25
views
0
recommends
+1 Recommend
0 collections
    0
    shares
      • Record: found
      • Abstract: found
      • Article: not found

      What millennial medical students say about flipped learning

      research-article

      Read this article at

      ScienceOpenPublisherPMC
      Bookmark
          There is no author summary for this article yet. Authors can add summaries to their articles on ScienceOpen to make them more accessible to a non-specialist audience.

          Abstract

          Flipped instruction is gaining popularity in medical schools, but there are unanswered questions such as the optimum amount of the curriculum to flip and whether flipped sessions should be mandatory. We were in a unique position to evaluate feedback from first-year medical students who had experienced both flipped and lecture-based courses during their first semester of medical school. A key finding was that the students preferred a variety of different learning formats over an “all or nothing” learning format. Learning format preferences did not necessarily align with perceptions of which format led to better course exam performance. Nearly 70% of respondents wanted to make their own decisions regarding attendance. Candid responses to open-ended survey prompts reflected millennial preferences for choice, flexibility, efficiency, and the ability to control the pace of their learning, providing insight to guide curricular improvements.

          Related collections

          Most cited references24

          • Record: found
          • Abstract: found
          • Article: not found

          Improvements from a Flipped Classroom May Simply Be the Fruits of Active Learning

          Researchers show that students perform equally well in flipped and nonflipped classrooms if active-learning activities are held constant, suggesting that active learning is the key moderator of success.
            Bookmark
            • Record: found
            • Abstract: found
            • Article: not found

            Generational changes and their impact in the classroom: teaching Generation Me.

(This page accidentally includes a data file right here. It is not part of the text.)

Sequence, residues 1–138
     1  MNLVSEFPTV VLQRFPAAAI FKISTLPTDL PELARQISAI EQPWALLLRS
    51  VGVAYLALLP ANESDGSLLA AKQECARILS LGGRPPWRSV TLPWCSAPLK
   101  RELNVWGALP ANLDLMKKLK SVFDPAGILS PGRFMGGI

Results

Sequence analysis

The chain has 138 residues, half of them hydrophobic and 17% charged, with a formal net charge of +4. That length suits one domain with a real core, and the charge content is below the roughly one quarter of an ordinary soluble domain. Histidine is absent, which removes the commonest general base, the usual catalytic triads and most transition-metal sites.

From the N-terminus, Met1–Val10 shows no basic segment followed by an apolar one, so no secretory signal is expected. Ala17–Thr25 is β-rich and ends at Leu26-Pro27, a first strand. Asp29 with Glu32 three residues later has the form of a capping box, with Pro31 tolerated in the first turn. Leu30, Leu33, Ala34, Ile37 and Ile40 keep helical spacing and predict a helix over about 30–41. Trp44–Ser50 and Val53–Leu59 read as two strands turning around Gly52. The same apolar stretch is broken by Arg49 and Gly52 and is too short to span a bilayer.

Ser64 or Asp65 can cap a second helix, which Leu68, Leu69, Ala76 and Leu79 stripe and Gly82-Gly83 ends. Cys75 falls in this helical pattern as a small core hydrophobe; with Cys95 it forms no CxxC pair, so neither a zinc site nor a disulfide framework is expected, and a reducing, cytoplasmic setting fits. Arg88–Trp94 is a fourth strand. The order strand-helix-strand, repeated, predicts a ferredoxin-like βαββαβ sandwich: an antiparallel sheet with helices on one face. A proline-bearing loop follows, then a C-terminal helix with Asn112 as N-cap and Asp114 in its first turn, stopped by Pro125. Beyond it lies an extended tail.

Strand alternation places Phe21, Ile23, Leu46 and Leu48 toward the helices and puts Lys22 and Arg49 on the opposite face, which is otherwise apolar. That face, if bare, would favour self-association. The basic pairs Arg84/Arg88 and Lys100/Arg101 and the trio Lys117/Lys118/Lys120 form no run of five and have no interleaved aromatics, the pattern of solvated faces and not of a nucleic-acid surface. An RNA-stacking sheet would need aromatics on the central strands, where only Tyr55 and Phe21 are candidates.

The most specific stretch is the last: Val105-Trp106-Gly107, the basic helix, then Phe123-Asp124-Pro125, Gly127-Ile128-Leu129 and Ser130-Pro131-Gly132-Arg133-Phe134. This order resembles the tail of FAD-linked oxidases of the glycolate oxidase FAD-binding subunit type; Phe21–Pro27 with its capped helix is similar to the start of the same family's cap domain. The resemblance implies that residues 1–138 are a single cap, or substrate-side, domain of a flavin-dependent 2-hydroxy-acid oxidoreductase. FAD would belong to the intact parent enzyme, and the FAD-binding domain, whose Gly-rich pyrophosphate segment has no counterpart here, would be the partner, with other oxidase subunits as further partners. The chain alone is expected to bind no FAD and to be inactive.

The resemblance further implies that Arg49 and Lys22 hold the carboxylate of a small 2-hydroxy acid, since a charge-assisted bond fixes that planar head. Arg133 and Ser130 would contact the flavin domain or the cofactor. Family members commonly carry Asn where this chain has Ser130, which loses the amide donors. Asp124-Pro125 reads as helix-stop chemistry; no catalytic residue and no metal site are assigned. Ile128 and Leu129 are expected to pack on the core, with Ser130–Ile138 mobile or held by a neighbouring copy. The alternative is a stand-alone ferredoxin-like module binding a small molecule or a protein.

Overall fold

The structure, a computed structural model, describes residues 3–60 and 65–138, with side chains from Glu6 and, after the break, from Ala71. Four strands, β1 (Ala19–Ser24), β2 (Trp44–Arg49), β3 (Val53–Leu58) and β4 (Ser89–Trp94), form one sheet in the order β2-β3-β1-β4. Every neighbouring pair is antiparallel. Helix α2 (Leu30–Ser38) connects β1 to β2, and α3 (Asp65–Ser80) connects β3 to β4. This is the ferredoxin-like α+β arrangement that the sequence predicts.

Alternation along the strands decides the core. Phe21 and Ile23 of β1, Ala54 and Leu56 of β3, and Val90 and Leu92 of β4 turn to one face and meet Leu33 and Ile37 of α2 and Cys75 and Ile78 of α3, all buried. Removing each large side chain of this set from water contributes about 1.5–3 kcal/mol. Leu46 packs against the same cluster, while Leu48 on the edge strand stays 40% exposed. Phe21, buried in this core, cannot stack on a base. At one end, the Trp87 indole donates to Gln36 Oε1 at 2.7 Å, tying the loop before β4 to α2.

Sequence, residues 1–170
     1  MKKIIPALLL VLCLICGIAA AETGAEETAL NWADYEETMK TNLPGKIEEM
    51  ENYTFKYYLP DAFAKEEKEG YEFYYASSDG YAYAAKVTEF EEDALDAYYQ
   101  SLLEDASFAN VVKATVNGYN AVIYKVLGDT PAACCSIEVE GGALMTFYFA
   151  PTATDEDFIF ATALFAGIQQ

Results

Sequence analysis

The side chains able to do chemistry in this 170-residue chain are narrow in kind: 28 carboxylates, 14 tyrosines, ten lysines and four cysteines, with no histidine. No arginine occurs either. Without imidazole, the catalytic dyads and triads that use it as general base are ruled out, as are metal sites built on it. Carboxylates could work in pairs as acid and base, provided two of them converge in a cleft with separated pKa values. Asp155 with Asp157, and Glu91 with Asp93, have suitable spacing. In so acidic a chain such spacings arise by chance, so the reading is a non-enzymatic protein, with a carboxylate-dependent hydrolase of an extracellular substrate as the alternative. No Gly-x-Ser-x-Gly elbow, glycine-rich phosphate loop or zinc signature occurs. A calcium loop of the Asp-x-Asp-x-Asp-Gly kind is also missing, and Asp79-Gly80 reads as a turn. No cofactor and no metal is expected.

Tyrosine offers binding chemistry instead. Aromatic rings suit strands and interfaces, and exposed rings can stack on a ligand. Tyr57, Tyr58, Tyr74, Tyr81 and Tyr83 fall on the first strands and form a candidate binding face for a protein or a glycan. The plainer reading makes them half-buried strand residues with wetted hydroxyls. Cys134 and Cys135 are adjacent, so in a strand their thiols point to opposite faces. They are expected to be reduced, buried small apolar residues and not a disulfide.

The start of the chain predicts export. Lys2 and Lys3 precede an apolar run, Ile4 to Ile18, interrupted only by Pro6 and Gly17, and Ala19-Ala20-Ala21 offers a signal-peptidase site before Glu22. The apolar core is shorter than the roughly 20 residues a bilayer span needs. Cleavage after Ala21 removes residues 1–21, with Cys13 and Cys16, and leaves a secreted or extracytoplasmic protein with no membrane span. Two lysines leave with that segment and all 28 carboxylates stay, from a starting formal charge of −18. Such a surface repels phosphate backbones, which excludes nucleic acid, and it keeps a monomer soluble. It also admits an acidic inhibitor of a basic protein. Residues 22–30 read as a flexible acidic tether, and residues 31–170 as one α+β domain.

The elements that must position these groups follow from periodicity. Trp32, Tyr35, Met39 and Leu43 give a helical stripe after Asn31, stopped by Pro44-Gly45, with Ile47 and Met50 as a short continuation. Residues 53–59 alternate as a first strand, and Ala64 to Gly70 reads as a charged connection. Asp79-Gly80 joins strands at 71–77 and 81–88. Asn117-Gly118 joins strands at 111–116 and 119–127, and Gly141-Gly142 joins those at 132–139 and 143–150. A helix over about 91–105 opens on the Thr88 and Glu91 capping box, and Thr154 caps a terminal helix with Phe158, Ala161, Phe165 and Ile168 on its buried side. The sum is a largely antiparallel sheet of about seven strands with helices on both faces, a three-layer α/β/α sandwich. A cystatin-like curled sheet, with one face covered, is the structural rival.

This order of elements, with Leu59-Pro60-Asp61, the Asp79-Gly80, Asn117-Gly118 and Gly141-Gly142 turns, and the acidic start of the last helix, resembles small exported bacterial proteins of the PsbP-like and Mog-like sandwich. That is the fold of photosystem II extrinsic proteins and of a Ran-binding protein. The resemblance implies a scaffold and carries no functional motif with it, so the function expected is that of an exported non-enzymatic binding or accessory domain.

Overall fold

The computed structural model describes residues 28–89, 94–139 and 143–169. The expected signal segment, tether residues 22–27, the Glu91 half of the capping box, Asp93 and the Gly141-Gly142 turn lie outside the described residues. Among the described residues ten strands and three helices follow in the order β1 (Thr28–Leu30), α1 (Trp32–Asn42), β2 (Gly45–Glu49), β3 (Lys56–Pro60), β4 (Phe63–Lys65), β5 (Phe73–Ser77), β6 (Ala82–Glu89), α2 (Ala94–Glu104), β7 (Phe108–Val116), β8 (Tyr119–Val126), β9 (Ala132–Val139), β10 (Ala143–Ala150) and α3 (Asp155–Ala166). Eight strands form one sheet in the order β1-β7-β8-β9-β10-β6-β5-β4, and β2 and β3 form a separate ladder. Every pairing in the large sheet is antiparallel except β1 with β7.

Many faculty members believe that students today differ from those in the past. This paper reviews the empirical evidence for generational changes among students and makes recommendations for classroom teaching based on these changes. Generational changes are rooted in shifts in culture and should be viewed as reflections of changes in society. This paper reviews findings from a number of studies, most of which rely on over-time meta-analyses of students' (primarily undergraduates') responses to psychological questionnaires measuring IQ, personality traits, attitudes, reading preferences and expectations. Others are time-lag studies of nationally representative samples of high school students. Today's students (Generation Me) score higher on assertiveness, self-liking, narcissistic traits, high expectations, and some measures of stress, anxiety and poor mental health, and lower on self-reliance. Most of these changes are linear; thus the year in which someone was born is more relevant than a broad generational label. Moreover, these findings represent average changes and exceptions certainly occur. These characteristics suggest that Generation Me would benefit from a more structured but also more interactive learning experience, and that the overconfidence of this group may need to be tempered. Faculty and staff should give very specific instructions and frequent feedback, and should explain the relevance of the material. Rules should be strictly followed to prevent entitled students from unfairly working the system. Generation Me students have high IQs, but little desire to read long texts. Instruction may need to be delivered in shorter segments and perhaps incorporate more material delivered in media such as videos and an interactive format. Given their heightened desire for leisure, today's students may grow into professionals who demand lighter work schedules, thereby creating conflict within the profession.